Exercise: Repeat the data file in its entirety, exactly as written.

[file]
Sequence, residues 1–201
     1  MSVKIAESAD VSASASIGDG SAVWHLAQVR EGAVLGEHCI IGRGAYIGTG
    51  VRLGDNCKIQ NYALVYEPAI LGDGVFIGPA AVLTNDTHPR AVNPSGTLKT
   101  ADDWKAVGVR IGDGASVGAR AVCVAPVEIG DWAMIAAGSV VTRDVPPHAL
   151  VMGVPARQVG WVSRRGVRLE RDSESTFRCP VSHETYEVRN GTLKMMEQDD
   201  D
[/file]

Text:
Sequence, residues 1–201
     1  MSVKIAESAD VSASASIGDG SAVWHLAQVR EGAVLGEHCI IGRGAYIGTG
    51  VRLGDNCKIQ NYALVYEPAI LGDGVFIGPA AVLTNDTHPR AVNPSGTLKT
   101  ADDWKAVGVR IGDGASVGAR AVCVAPVEIG DWAMIAAGSV VTRDVPPHAL
   151  VMGVPARQVG WVSRRGVRLE RDSESTFRCP VSHETYEVRN GTLKMMEQDD
   201  D